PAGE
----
n72VN3X5tWxw9j7ST3Ijl2sCZr33A7wZHvz.png

Forearm Fractures

Questions

What is a Forearm Fracture?

Forearm fracture is the fracture, which occurs between the wrist and the elbow. The bones which get fractured are the radius and the ulna. Radius bone lies on the thumb side of the forearm whereas the ulna bone lies on the little finger side.

Fractures can occur in one or both bones at one or several places of the forearm:

  • Near the wrist, the distal end of the bone.
  • Middle of the forearm.
  • Near the elbow, the proximal end of the bone.

 

Types of forearm fractures:

Forearm fractures can occur in the radius or ulna or in both bones.

  • Torus fracture. This type of fracture is a stable fracture, the broken bone pieces are still in position and not displaced.
  • Metaphyseal fracture. The fracture occurs across the upper or lower portion of the bone without affecting the growth plate.
  • Greenstick fracture. The fracture extends through the length of the bone and causes it to bend on the other side.
  • Galeazzi fracture. This fracture affects both bones of the forearm. Such fractures are usually displaced fractures in radius and dislocation of the ulna at the wrist.
  • Monteggia fracture. This fracture affects both bones of the forearm. These fractures usually occur in the ulna and the head of the radius is dislocated.
  • Growth plate fracture. This fracture occurs at the growth plate of the radius near the wrist. 

What are the causes for the Fracture of Forearm?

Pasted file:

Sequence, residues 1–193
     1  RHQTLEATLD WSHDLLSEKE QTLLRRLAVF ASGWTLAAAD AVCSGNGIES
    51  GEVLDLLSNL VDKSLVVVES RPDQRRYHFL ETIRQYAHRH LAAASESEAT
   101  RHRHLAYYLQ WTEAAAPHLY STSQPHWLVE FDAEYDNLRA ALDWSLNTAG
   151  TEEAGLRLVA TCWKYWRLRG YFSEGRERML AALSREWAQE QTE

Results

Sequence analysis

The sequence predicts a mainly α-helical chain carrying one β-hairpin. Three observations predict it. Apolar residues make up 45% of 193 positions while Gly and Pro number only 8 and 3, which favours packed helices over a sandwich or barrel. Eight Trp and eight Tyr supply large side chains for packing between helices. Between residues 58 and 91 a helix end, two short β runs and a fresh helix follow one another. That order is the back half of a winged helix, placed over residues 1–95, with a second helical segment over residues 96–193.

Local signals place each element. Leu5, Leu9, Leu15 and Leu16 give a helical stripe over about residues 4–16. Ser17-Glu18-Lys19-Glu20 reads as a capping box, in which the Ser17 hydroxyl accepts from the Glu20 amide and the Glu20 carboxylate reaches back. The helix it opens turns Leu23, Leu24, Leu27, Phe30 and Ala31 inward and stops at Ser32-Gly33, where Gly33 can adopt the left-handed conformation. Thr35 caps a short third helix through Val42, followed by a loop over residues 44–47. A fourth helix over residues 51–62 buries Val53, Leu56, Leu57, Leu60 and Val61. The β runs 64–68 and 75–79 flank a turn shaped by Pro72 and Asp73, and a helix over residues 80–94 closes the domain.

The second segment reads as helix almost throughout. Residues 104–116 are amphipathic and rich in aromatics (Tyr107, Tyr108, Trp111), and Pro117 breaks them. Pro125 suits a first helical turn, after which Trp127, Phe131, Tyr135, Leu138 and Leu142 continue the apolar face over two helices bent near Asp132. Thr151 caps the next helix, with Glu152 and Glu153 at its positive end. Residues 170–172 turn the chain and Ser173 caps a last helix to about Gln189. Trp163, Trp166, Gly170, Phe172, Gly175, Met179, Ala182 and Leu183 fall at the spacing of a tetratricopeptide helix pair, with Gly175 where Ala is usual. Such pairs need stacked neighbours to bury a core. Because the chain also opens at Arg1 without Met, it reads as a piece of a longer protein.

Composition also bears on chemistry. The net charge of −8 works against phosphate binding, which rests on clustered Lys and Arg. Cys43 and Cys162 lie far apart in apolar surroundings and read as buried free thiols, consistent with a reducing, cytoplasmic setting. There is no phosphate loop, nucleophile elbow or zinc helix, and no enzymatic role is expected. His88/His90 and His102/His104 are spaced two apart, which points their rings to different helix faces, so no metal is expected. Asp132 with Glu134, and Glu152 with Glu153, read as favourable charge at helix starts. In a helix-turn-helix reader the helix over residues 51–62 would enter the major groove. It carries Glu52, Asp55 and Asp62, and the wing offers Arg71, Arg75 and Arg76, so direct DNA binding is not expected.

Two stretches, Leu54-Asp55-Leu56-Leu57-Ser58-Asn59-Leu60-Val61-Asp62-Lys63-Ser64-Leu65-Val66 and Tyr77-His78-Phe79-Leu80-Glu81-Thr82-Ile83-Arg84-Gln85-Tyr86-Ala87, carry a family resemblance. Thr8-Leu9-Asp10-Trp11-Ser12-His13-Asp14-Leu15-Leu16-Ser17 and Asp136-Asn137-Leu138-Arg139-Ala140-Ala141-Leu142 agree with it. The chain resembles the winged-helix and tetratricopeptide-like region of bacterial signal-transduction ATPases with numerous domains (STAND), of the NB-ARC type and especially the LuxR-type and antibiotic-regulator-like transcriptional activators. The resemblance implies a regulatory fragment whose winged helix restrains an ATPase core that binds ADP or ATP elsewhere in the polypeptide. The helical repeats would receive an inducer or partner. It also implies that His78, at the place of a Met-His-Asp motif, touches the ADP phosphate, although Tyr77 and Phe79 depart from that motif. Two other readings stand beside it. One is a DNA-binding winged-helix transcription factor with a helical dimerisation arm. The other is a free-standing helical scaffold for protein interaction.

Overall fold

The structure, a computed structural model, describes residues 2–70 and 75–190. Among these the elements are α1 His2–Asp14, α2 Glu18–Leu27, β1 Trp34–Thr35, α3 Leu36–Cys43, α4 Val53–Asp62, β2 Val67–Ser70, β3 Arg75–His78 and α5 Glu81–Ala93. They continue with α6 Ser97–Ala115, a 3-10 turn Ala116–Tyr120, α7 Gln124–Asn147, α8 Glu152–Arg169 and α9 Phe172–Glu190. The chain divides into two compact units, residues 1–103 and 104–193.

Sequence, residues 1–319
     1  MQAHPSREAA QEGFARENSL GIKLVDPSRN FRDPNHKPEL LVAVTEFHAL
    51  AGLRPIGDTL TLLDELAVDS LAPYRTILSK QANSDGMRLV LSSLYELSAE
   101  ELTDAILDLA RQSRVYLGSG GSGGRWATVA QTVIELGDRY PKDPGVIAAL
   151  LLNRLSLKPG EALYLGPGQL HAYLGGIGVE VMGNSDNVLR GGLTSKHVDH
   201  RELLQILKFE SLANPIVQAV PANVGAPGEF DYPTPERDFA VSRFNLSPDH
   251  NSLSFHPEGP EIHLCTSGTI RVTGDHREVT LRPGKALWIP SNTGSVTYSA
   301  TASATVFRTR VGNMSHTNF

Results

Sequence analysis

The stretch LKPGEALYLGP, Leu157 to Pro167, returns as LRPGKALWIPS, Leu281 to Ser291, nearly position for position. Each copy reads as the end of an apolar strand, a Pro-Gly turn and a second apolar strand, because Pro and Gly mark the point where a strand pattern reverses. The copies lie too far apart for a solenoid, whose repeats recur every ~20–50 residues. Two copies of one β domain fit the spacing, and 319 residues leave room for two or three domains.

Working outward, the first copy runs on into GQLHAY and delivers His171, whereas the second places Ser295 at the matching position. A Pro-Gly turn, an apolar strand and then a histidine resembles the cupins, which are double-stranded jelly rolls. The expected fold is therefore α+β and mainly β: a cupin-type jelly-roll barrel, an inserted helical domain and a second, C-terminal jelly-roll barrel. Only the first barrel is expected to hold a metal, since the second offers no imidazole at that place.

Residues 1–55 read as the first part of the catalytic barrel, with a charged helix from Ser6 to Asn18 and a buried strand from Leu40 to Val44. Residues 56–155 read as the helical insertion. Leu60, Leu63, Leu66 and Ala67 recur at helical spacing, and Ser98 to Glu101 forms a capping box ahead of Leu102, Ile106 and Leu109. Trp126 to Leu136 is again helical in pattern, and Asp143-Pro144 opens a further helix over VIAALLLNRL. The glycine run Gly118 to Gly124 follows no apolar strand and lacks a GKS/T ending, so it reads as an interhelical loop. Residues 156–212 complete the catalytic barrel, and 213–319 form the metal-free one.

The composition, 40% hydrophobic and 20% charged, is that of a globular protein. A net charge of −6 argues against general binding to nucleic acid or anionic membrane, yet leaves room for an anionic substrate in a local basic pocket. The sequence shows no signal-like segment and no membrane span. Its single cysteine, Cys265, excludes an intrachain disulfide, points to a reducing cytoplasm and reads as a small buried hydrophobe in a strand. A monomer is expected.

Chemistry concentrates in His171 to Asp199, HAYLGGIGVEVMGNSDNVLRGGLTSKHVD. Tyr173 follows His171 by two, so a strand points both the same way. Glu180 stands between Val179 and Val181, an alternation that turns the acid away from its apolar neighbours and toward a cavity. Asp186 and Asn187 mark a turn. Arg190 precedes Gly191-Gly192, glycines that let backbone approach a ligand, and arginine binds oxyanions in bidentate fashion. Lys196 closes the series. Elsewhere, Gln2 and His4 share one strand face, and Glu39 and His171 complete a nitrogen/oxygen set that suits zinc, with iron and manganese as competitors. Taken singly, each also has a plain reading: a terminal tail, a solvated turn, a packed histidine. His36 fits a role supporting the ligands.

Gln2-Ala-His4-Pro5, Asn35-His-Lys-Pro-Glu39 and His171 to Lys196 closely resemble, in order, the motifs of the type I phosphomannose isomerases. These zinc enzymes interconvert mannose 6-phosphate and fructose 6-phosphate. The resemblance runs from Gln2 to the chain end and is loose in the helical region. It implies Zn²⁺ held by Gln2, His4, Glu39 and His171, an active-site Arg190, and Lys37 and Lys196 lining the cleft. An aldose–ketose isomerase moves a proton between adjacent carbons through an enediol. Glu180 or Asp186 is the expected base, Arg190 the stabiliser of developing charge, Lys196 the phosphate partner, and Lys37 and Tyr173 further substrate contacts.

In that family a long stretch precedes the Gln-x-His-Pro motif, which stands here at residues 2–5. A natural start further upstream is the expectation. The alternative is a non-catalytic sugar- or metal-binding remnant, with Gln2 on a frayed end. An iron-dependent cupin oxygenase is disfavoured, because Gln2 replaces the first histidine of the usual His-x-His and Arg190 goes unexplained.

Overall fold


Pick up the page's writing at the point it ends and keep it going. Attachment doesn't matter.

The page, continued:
Commonly occurs in children while playing sports. In most cases, forearm fractures are caused by:

  • Direct blow to the forearm
  • Fall on an outstretched arm
  • Fall on the forearm
  • Fall from height
  • Axial load
  • Motor vehicle accidents
  • Sports activities
  • Children are playing on the playground or participating in sports.

What are the symptoms of the Fracture of Forearm?

A forearm fracture usually results in:

  • Severe pain
  • Swelling
  • Feeling of numbness.
  • Discolored skin around the affected area
  • Loss of forearm and hand function

 

Pathology

Fracture depends upon the age of the individual, the strength of the bone, mass of the bone, quality of the bone, and the frequency, nature, and forces produced by the injury on the bone. Usually repetitive or high-velocity thrust leads to mechanical failure.

Diagnosis of Fracture of Forearm.

X-Rays

X-rays show clear images of the bones and help to determine the extent of the injury.

 

Computed tomography scan (CT scan):

Computed tomography scan (CT scan) provides detailed cross-sections of the bone.

 

Magnetic resonance imaging (MRI):

Magnetic resonance imaging (MRI) creates very detailed images using magnetic fields.

 

Bone scan:

A bone scan helps to find fractures that are not shown up in an X-ray, it can help find those fractures.

Treatment for the Fracture of Forearm.

Depending on the type of fracture and degree of displacement, treatment is decided. 

 

Nonsurgical Treatment

Undisplaced fractures may simply need the support of a cast or splint while they heal.